David Amerland
David Amerland
on Google
Image from David Amerland
Jun 8, 2019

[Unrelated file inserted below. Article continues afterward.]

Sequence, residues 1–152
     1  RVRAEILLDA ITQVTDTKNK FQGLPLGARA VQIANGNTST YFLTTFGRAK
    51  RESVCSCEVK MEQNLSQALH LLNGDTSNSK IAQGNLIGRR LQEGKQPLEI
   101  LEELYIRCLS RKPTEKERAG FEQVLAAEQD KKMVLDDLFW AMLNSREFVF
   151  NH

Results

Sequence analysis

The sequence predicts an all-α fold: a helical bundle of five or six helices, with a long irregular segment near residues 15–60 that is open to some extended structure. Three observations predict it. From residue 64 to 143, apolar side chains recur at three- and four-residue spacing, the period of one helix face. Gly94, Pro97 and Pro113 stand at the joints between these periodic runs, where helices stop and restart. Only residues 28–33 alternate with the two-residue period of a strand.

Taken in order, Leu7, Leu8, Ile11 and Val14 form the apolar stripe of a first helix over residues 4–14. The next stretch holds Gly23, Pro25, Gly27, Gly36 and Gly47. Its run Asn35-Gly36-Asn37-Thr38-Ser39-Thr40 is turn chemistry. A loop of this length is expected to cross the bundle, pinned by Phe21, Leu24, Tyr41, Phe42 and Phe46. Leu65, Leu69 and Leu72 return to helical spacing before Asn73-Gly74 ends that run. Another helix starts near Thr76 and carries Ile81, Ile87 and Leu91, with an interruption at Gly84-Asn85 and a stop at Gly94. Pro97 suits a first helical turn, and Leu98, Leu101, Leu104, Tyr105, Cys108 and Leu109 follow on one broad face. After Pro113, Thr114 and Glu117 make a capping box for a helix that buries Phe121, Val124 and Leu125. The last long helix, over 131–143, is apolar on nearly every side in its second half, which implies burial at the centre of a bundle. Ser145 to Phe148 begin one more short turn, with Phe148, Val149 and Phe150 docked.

Behavioral Marketing: The simple premise behind behavioral marketing is that by acquiring precise data from each of our prospects we can then target them individually, in a more precise way than if we’d went about it en masse with the usual one-size-fits-all marketing message. There are two subsets to this premise. One, in order to do this we need to acquire data that describes as much of the customer journey as possible. Two, unless we can properly interpret the data we capture we’ll be unable to align our marketing with the intent of our prospects. Misalignment of purpose, in the digital age, is the proverbial cardinal sin. It loses businesses customers and it damages their reputation (look what happened to United for context). Aligning values with purpose requires effort. At a business level that effort is expressed through open and honest communication that makes every stakeholder and employee feel valued and listened to and every customer feel that they matter. What we are seeing here is convergence. During most of the 20th century marketing required spending enough time, energy or cash (or all three at times) to divert the attention of as broad an audience as possible and funnel them to the point of sale. It was messy, lossy and impersonal. It was also necessary in order to achieve the economies of scale necessary to make commerce economically viable. As the Model-T example of marketing indicates this led to strict standardization and a relative unification of markets in order to reduce the threshold costs associated with trade. The natural progression of this is the commodification of goods and services experienced in our days. Commodification, may further reduce prices and transport the creation of goods and services to low-cost labor markets; but it also erases differentiation and creates new tensions between governments and large corporations, national and global markets and even such sources of personal identity as language, culture and ethnicity. When it comes to marketing this now creates an interesting paradox. To avoid the ever deepening spiral to the bottom where goods are sold solely on the logic of their price point, marketing uses branding to generate a sense of perceived value. Perceived value requires a deep connection between a brand and its audience in what is called the intersubjective space of a shared ‘mythology’ which identifies the brand with its consumers and vice versa. Successful branding is the transition of a ‘creation myth’ into real-world values. A pathway not dissimilar to the one that transforms sensations and feelings to abstract thoughts and ideas that lead to decisions and choices which are expressed in concrete actions. It is this Axons-to-Actions route that behavioral marketing can most influence by interjecting, at the most opportune moment, information that helps either direct, shape or trigger a particular decision and affect a desirable outcome. There’s a lot to take on-board here, so here’s a good starting point: consider how your business defines and then projects its identity and what impact that has on its audience.
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